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    Demand: Good News for Shale Gas



Davide Calcagni, Vice President of Unconventional at Italy’s oil and gas firm ENI S.p.A. says we know that natural gas demand is growing, but there are many factors that play a role in how the gas market will change in Europe.

by: Drew Leifheit

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Natural Gas & LNG News, Sweden, Shale Gas , Liquefied Natural Gas (LNG)

Demand: Good News for Shale Gas

Davide Calcagni, Vice President of Unconventional at Italy’s oil and gas firm ENI S.p.A. had a number of “good news items” for delegates at the European Unconventional Gas Summit in Krakow, Poland: conventional gas was declining, each government wanted gas to secure electricity production, and a more balanced energy mix and reduction of emissions.


With those factors top of mind, his talk was focused upon future gas demand in Europe and what that meant for the development of unconventionals.


“We know that the demand is growing, but there are many factors that play a role in how the gas market will change in Europe,” he said.


Mr. Calcagni spoke of the EU’s “20/20/20” targets for reductions of 20% of greenhouse gasses and implementation of 20% of renewables by year 2020. He said he thought it would have a great effect in the next decade, especially for demand.


“Sooner or later it will affect all the countries that are leveraging on the production of electricity with coal, because it won’t be suitable for producing electricity.


“Renewable sources are intermittent in the way they are producing,” he added. “Regarding nuclear, we know what’s going on in Japan and at least one third of the nuclear power stations will be shut down. Different sources will fill in for that, which means that gas is likely to play a role in the situation that’s opening up in front of us.”


According to Mr. Calcagni, unconventional gas in Europe would not play the same role of ‘price cooler’ as it had in the US as Europe was much more fragmented.


He recalled, “Since 2004 when we had a peak in conventional gas production from the North Sea it is now quickly declining and opening up a gas demand that is quickly becoming massive. The first answer to that demand is import. 


“We don’t feel that even in the latter case, that unconventional gas will represent a solution for European gas demand – probably complementary, but not filling in the gap.”


He said the scenario could be completely different if Europe was looked at on a country level.


“We know that gas import is set to grow,” explained Calcagni. “Europe is already importing 65% of its natural gas and if you look at the projection, it will continue.”


He continued: “In the last three years we’ve had 12 major events drastically changing the scenario. It seems that we are accelerating the changes, making it less predictable and changing the profitability. One thing is clear that Europe will need about 80% of gas imports to meet demand by 2020.”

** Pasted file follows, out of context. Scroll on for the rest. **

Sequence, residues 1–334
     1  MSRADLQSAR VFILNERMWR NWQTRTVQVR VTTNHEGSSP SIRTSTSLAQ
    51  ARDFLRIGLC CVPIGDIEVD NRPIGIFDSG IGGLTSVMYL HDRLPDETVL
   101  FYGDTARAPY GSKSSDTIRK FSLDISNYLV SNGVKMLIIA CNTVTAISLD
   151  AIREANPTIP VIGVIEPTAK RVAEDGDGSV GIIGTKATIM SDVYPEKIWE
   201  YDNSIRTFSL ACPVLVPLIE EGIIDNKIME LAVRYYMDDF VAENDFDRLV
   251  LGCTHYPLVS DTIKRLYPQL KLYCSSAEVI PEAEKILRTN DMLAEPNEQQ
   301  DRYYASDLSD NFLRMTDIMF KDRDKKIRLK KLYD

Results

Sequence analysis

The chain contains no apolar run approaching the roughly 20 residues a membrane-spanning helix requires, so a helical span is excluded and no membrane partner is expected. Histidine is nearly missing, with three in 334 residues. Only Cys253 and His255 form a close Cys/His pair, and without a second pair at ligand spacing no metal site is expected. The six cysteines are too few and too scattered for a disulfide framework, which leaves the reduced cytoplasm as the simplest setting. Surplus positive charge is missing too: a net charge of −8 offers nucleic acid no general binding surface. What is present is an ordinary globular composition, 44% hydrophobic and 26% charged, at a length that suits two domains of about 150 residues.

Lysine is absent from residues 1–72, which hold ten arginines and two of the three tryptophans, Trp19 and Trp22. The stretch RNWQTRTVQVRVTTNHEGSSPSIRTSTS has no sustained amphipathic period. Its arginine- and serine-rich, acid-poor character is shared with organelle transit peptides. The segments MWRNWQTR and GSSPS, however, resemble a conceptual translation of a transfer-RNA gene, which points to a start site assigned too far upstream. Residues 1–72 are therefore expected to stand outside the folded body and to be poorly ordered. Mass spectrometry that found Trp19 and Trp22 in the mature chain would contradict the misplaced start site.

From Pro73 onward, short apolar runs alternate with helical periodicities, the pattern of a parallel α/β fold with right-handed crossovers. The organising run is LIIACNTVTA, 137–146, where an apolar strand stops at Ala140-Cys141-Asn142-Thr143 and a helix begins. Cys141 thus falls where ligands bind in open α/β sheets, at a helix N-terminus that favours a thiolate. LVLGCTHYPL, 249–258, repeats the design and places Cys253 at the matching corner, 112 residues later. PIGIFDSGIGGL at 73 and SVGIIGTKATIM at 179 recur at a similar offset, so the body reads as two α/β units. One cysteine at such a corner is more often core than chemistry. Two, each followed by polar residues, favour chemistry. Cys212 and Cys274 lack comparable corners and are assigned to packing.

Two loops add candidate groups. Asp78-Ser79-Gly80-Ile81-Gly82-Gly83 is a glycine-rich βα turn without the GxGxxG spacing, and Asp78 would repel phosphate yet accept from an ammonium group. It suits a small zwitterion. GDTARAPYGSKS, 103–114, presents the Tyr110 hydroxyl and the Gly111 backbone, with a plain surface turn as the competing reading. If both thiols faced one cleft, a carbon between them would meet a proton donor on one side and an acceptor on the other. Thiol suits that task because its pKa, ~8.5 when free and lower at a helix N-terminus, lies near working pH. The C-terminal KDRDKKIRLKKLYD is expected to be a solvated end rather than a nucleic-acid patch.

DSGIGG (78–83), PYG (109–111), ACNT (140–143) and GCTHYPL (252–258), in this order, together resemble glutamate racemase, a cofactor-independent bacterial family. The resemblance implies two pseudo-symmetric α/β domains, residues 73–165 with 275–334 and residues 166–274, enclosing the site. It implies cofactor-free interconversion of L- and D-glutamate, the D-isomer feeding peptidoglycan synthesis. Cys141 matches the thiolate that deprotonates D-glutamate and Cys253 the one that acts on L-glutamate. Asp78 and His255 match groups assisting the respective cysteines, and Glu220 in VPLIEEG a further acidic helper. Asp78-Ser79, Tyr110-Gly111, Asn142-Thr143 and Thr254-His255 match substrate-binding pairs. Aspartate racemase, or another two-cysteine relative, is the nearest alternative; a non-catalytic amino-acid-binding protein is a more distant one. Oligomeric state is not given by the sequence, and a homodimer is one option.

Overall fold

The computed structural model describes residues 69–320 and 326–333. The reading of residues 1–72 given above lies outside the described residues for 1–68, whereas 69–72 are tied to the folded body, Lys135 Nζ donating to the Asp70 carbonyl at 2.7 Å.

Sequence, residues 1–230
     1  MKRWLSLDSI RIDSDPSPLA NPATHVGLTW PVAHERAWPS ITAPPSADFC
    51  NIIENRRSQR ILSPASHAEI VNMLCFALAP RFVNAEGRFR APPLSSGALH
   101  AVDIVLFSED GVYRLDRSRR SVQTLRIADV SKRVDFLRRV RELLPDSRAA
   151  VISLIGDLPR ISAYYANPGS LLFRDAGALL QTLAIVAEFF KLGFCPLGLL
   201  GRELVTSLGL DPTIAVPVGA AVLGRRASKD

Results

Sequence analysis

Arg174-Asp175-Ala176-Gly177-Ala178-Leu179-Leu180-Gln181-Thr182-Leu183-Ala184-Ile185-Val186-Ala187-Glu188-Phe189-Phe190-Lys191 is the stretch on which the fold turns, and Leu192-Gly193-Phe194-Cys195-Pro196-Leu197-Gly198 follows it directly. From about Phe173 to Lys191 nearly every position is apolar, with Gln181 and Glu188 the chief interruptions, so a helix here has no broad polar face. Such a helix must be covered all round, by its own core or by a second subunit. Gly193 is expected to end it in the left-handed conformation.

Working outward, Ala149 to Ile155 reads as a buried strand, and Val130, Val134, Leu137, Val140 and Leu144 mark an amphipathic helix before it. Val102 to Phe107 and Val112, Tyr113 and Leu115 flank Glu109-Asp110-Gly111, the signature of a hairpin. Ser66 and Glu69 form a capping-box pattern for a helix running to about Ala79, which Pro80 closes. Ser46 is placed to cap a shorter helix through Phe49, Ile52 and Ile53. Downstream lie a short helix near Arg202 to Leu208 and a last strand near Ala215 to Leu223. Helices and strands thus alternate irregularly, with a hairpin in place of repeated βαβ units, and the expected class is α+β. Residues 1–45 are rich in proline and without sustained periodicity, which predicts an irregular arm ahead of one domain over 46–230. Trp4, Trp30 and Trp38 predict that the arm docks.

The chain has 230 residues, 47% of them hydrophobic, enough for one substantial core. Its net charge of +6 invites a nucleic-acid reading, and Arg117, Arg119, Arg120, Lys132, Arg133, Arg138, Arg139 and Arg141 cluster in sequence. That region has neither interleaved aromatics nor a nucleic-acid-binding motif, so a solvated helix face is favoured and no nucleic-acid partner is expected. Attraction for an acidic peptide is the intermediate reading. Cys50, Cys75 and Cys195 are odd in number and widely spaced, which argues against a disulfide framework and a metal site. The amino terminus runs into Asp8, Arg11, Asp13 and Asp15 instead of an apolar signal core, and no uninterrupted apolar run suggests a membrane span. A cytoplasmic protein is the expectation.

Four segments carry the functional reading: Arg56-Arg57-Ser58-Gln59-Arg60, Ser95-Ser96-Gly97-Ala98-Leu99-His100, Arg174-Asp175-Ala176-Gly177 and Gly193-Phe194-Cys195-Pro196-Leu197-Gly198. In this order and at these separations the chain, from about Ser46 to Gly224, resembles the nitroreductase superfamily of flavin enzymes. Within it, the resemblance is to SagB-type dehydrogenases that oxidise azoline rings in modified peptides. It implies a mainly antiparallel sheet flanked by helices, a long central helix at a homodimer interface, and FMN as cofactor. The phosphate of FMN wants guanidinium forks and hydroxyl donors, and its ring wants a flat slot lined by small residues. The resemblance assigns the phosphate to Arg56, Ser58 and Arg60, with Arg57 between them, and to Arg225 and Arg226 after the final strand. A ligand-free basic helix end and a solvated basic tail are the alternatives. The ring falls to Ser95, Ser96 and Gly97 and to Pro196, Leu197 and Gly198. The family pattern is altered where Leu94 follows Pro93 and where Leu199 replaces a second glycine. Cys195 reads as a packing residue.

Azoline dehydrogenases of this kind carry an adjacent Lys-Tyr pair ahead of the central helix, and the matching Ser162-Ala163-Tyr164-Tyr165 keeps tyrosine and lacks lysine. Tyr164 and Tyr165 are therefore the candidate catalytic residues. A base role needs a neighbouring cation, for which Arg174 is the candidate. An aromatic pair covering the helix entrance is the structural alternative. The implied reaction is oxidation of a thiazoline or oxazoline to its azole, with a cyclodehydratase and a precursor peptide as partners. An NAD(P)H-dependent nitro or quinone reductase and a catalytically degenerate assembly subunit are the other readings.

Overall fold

The competition with Asia, he noted, had had an effect, with Europe paying three times the Henry hub price. 


“The fact that there are huge reserves in Norway, Russia, and North Africa is coming back,” said Calcagni. “These governments will need to establish a cash flow very quickly. And LNG is coming back: Qatar is bringing LNG into the European market, and it’s likely to play a significant role.”


It was a competitive scenario, he said, that competition on unconventionals was set to grow. 


“That will trigger mergers and acquisitions activity,” he said. “We have impact factors that can influence the evolution of the gas business. It’s important that exploration be successful.


“The advantage is that the time to put a shale gas asset to market is definitely quicker, so this is a positive,” added Calcagni, who touched upon the capability of operators to produce at low costs.


He said the presence of governments to put together a regulatory framework was of utmost importance.


Surveying the situation around Europe, he made his observations.


“Poland is the hotspot, and Germany has potential for CBM. In the UK shale gas is accepted but lacks materiality. Romania has limited activity; Hungary has tight gas but not too much at the moment. In the Scandinavian region it needs to be proved.”


Calcagni said: “Proving it in Poland will make everyone confident about the profitability of shale gas.”


“Shale gas has a high resource potential. It’s important to have access to very large acreages,” he said. “The presence of infrastructure, markets and an efficient supply chain, as well as the existence of a regulatory framework are all crucial.”


Adaptation and innovation, he said, were also important. 


“Shale gas projects must be quick lean and effective,” said Calcagni. “It is a capital and operational intensive business, and it’s mandatory to reduce the operational footprint. You have to pre plan this at the early stages. The margins are coming but only if these are in place.”


He said that ENI was ready to learn by doing, and was going very swiftly up the learning curve.


He noted the sustainability challenges in shale gas exploitation, with the need to focus on the acreage with the highest potential. 


“It will become only become reality if operators are able to produce at low cost,” Calcagni said. “If these are not proven, the future of shale gas is uncertain. 


“The public acceptance, capability and willingness of government in establishing incentive frameworks and competition of conventional gas import and the coal lobby – these are the main factors that are playing against the success,” he said.